Where is the missing dollar?
A pizza costs $30. Three men agree, and each man pays $10 cash to split a pizza between them for dinner at a local pizzeria. The waiter realizes that he has made a mistake with the order; the pizza is on special for only $25. The waiter grabs $5 from the till to make up the difference for their order and walks towards the men's table. He cannot figure out how to evenly split the $5 between the three men, so he decides to give each man $1 and keep a $2 tip for himself. This meant each man paid $9 each for the pizza plus a $2 tip, which totals $29.
What happened to the other $1?
There is no missing dollar.
Each man paid $9, so in total they paid $27.
The pizza cost $25, and the tip was $2, which brings the total spent to $27.
No dollar is anywhere..any maths done bring a small error of only about 0-0.1
The men paid $10 each. Totalling $30.
$25 ended up in the restaurant cash register. $3 ended up back with the men. $2 ended up with the waiter. Total $30.
If you say that each man paid $9, that is also true. Each man paid $10, and got $1 back. So the total there is $27 that the three men paid. That $27 was $25 to the cash register and $2 to the waiter. No missing dollar there, either.
The trick in the question is in the last line, where it says "each man paid $9 for the pizza PLUS a $2 tip." No, each man paid $9 for the pizza INCLUDING a $2 tip. The "missing" amount is $3, not $1, and it was not missing at all; It was returned to the three customers, $1 each.
Really? Each man paid $9.00 for the pizza? I don't think so,
each man paid 8.333 for the pizza = $25 the total cost of the transaction, leaving $5.00 change to be returned (not part of the transaction) of which each man received a $1.00, not a refund but change - therefore totally outside the transaction cost and the waiter kept $2.00 tip from the change, again outside the cost of transaction.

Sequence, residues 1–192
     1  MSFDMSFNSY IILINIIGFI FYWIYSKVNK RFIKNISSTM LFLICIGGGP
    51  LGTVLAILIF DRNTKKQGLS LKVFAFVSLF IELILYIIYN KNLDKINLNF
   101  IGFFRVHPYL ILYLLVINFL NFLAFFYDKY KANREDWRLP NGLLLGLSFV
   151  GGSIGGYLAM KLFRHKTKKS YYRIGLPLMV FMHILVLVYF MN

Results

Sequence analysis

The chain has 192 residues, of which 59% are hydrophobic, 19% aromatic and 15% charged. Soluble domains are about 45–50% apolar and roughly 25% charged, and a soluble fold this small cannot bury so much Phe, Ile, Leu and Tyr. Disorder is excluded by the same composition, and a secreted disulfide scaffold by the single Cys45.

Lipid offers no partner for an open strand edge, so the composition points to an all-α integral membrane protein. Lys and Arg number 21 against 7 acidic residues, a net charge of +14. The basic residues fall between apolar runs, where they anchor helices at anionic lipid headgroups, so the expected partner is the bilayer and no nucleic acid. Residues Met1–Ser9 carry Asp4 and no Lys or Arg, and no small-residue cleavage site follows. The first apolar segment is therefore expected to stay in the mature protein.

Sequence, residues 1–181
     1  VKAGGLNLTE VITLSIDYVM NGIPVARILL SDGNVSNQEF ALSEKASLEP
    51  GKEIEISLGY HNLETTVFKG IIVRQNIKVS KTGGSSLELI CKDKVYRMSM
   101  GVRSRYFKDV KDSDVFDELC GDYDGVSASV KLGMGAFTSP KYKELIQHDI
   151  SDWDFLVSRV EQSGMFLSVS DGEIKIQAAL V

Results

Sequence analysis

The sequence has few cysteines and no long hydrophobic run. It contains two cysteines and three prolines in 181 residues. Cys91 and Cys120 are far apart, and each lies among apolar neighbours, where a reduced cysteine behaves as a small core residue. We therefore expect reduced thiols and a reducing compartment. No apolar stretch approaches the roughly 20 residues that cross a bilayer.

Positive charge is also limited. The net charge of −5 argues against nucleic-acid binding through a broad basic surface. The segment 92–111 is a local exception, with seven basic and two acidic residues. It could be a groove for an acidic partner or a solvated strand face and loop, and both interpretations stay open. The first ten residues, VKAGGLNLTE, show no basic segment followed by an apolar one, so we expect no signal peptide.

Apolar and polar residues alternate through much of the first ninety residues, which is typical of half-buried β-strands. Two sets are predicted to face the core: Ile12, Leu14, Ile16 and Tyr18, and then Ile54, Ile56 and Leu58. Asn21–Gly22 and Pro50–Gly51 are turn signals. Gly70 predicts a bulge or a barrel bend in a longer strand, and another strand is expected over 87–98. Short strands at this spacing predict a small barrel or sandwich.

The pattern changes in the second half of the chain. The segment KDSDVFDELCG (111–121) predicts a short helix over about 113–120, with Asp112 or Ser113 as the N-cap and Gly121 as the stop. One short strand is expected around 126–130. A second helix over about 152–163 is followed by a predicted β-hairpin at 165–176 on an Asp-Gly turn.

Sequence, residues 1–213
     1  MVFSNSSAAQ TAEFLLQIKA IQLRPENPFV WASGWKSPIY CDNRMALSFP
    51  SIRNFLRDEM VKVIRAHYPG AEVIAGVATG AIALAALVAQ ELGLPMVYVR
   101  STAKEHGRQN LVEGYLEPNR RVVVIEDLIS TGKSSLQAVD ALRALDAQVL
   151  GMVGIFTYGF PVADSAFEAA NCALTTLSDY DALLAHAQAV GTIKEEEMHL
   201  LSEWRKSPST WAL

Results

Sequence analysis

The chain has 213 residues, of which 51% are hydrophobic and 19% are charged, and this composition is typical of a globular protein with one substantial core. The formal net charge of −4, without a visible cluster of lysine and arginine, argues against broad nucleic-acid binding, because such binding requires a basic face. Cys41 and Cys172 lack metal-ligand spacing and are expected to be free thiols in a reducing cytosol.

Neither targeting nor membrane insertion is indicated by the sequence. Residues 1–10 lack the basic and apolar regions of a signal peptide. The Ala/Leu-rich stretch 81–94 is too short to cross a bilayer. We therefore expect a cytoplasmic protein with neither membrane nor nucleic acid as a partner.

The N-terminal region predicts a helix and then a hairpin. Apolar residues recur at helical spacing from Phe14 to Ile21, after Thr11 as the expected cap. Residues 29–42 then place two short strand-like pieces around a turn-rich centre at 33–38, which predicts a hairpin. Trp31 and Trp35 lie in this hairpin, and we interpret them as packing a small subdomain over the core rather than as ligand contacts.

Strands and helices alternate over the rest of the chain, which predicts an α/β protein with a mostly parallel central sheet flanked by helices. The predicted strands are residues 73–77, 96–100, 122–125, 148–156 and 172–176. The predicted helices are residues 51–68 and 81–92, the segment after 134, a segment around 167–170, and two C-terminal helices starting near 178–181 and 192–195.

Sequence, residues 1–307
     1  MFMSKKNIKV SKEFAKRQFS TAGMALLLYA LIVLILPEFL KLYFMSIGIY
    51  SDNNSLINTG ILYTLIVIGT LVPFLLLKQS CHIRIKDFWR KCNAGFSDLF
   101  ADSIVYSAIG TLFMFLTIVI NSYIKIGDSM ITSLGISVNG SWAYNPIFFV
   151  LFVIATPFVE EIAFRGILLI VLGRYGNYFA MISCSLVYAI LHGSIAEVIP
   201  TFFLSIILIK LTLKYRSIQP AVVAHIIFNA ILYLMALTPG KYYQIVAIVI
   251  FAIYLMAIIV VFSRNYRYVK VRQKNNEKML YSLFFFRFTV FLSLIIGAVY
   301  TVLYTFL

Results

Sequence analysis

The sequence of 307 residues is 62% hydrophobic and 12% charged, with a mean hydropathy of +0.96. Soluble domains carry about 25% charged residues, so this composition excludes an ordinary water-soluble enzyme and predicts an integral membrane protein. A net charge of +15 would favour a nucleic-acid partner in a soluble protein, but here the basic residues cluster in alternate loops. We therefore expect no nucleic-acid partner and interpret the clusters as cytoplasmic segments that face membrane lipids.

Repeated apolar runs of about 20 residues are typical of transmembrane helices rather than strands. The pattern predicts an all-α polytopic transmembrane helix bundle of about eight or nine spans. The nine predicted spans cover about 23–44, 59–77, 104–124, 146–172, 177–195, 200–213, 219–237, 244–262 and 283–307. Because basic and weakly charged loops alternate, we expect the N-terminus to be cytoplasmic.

So, if you are paying attention it all adds up.
What other $1? There are two transactions here, not one. The first is for $30, the second for $5. Muddling the two creates an ingenious confusion.
First, the men pay $30, which is received by the restaurant. Everything balances.
Second, the restaurant rebates $5. This should be $1.67 each (neglecting the rounding error), but the waiter's skim of $2 takes $.67 from each man, leaving them $1 each instead. Everything balances in this 3-way (or 5-way) transaction.
Note, though, that this makes $28 ($25 true cost plus $3 'rebated') 'for the pizza', not $27! That's the 'missing' dollar, since $28 plus $2 makes $30.
Which amounts to what Sid and Don't Taze Me said, only they said it first and better.
No. each of the 3 men spent $10
Pizza was $25, So they each received $1 back ($3 + $25 spent) equals $28.
Waiter keeps $2. Nothing missing.
The answer is in the division of the 25 dollars, not the 30.They pay 10 dollars each but In the end each man pays 8.3333333 (the 3s after the decimal are infinite) for the pizza. Three times 8.3333333 etc, makes 25 dollars. The waiter pocketed 2 dollars and gave the remaining three to the three men. So the dollar is in the 33.33333 etc cents .
3 x 8 = 24
3 x 33.33333 cents is rounded off to = 1 dollar
So each man pays a 66.66666666 cent tip. which is the 2 dollars the waiter kept.
3 x 66.6666666 =200 cents
So to answer the question: The dollar is in the til. it is the twenty fifth dollar which all the men had to split.
They each got one dollar back, and the waiter kept two, making the remaining 5 that makes 30.
Had he given them back exact change he would have had to give them each 1.6666666 etc back. So he would have had to keep a penny, leave it in the til, or physically split it three ways.
He could have also just given them the 5 dollars back and let them fight over it.
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